Bula Kimberlin 10
Henry Kimberlin 8
Cleola Kimberlin 5
Source Citation: Year: 1920;Census Place: Justice Precinct 4, Titus, Texas; Roll: T625_1846; Page: 12A; Enumeration District: 169; Image: 436.

Name: Kate Hardin
[Kate Horden]
[Kate Hordin]
Home in 1920: Justice Precinct 4, Titus, Texas
Age: 33
Estimated Birth Year: abt 1887
Birthplace: Alabama

if this your relative, and she was native, her family left well after the trail of tears in the late 1830’s. natives who stayed were called mississippi choctaw. there was another tribe in AL (in fact more than one) called MOWA.

genealogists use names, dates, locations, children and spouses to match records. if you have a common surname, you need to give more information rather than less. if you post about women, it is helpful to include the maiden name and the married name and designate which one is the maiden name.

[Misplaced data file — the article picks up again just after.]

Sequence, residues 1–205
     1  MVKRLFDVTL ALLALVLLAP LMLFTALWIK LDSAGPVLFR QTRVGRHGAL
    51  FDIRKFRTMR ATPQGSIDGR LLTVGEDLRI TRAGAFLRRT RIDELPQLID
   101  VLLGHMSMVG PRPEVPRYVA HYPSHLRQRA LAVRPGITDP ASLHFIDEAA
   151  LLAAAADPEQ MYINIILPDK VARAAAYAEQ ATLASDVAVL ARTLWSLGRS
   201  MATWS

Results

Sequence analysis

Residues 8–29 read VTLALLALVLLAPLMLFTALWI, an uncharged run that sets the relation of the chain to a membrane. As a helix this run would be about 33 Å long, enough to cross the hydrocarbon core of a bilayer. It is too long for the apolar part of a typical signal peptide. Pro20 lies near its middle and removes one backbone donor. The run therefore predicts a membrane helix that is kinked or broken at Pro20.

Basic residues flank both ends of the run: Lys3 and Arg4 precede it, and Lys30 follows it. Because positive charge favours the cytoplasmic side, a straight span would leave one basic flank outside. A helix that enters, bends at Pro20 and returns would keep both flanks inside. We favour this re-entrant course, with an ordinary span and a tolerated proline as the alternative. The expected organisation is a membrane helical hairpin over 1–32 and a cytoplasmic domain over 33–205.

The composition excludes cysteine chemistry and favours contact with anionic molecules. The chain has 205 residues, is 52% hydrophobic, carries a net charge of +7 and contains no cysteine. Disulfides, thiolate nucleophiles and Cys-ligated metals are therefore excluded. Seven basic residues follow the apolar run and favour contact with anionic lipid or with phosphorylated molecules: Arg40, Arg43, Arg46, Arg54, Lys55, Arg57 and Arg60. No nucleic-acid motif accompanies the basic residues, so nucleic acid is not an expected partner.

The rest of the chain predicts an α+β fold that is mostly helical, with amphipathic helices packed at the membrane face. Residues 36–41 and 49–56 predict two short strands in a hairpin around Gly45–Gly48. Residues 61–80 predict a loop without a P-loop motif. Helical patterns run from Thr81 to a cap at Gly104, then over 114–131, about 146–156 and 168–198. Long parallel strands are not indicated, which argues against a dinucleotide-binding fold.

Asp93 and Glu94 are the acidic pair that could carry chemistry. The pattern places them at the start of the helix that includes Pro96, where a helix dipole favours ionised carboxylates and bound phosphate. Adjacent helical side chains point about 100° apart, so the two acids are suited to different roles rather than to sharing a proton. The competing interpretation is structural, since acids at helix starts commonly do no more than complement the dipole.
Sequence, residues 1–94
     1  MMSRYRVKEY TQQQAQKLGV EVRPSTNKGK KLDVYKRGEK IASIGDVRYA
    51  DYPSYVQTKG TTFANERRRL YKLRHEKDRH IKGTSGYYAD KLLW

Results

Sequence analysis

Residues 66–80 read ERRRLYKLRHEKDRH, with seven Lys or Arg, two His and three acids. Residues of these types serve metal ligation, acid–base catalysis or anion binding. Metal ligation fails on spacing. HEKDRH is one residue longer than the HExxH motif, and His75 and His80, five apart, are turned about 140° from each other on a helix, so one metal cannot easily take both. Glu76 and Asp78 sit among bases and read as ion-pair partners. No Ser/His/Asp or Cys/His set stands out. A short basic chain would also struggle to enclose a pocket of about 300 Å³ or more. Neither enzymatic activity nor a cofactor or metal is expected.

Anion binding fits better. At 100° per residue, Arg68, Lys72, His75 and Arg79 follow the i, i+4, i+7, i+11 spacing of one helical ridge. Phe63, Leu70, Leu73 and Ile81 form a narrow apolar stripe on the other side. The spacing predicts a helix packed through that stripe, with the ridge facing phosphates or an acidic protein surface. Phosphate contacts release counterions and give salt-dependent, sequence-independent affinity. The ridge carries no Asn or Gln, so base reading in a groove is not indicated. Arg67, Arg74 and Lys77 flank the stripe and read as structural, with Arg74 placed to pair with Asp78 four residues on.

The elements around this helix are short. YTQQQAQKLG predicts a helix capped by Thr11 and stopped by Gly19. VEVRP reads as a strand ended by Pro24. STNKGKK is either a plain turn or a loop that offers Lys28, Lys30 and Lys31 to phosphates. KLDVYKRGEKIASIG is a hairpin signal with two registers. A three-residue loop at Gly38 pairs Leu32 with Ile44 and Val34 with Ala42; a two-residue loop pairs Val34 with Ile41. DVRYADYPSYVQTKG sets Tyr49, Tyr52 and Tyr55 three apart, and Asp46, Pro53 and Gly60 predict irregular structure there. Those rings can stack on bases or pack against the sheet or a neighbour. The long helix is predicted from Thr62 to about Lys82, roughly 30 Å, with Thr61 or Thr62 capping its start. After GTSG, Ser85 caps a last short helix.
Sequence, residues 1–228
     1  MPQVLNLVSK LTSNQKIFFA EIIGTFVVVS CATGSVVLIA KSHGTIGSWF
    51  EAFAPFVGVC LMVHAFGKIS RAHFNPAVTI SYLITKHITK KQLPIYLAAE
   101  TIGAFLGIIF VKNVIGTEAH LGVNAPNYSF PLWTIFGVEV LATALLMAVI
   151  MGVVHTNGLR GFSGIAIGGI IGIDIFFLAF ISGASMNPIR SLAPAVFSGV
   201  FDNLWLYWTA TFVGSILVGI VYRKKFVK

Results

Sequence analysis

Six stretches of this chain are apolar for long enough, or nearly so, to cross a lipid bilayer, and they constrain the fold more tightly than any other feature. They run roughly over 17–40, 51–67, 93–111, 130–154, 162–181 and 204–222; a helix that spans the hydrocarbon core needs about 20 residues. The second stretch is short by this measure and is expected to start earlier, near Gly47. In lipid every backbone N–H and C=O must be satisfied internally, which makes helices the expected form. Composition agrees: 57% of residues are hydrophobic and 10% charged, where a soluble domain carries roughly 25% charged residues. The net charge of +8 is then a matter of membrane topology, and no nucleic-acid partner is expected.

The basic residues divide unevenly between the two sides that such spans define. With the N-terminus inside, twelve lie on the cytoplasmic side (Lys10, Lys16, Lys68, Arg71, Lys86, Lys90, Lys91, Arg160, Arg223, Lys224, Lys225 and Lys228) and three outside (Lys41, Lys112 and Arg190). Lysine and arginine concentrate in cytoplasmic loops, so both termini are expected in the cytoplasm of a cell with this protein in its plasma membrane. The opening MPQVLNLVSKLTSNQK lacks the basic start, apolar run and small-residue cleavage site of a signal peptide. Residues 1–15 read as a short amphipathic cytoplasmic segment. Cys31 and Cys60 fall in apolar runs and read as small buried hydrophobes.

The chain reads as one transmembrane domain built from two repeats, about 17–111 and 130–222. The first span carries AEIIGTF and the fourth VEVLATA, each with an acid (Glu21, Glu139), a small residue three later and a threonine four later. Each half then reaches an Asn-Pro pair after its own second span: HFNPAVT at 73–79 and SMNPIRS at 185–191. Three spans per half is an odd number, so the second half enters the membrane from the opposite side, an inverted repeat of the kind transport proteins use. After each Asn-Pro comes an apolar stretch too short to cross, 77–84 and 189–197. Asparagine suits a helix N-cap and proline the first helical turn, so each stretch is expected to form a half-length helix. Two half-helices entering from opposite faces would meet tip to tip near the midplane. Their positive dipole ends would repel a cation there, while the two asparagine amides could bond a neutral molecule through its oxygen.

start with what you know, gather documentation, then you can go backward in time. so get your birth certificate, your parents’ birth certificates and marriage license and then you can start on your grandparents. if someone passed away after 1/1/1937, they probably have a social security application on file. if you ask a government for a birth certificate, and they were born before 1929, they might have submitted a delayed birth certificate. death certificates, cemetery information and obituaries are helpful. you can usually get a copy of an obituary, newspaper mentions such as birth of a child or marriage, through the interlibrary loan program – see your local public library for this. i usually start with the death and work toward the person’s birth. military records and pension records can be helpful. census records can tell you where they were at particular times. the census records up to 1930 are available, although the 1890 census was largely destroyed. the 1940 census will be public information in 2012.

first of all, heritage and tribal enrollment are two different things. many times natives didn’t apply for enrollment because 1) they didn’t qualify, 2) they were philosophically opposed to enrollment, 3) they didn’t have documentation, or 4) they were mississippi choctaw and their ancestor had accepted land or benefits in lieu of tribal enrollment.